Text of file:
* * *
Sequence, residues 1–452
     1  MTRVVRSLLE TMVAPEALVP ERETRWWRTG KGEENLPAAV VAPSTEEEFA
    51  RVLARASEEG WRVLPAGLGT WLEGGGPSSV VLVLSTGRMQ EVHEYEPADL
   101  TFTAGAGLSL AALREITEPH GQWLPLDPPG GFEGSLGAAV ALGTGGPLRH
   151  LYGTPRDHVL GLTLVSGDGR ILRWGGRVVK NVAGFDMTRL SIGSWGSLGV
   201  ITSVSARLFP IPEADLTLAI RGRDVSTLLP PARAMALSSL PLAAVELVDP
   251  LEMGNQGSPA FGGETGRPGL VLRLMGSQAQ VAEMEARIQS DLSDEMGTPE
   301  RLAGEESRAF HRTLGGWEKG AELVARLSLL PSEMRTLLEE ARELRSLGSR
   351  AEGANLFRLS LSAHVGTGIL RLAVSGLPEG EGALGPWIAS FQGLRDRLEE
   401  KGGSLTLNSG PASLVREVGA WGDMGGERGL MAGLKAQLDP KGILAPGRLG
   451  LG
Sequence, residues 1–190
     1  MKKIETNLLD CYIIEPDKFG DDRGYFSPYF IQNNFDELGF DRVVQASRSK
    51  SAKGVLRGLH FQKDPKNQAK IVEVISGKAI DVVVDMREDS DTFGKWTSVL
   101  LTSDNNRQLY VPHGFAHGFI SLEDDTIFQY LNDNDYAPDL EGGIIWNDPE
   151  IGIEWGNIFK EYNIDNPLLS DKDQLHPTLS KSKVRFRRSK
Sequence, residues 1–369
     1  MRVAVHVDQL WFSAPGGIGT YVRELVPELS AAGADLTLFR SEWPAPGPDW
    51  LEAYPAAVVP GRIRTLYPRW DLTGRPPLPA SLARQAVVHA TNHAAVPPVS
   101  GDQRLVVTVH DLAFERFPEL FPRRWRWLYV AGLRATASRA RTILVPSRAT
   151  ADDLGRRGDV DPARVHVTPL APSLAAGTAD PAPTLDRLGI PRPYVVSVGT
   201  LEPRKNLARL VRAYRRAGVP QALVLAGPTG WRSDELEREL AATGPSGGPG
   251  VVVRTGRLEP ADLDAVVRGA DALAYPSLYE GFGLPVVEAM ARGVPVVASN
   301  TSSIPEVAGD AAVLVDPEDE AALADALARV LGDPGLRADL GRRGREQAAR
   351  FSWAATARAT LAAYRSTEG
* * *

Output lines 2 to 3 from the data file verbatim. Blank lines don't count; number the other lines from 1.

     1  MTRVVRSLLE TMVAPEALVP ERETRWWRTG KGEENLPAAV VAPSTEEEFA
    51  RVLARASEEG WRVLPAGLGT WLEGGGPSSV VLVLSTGRMQ EVHEYEPADL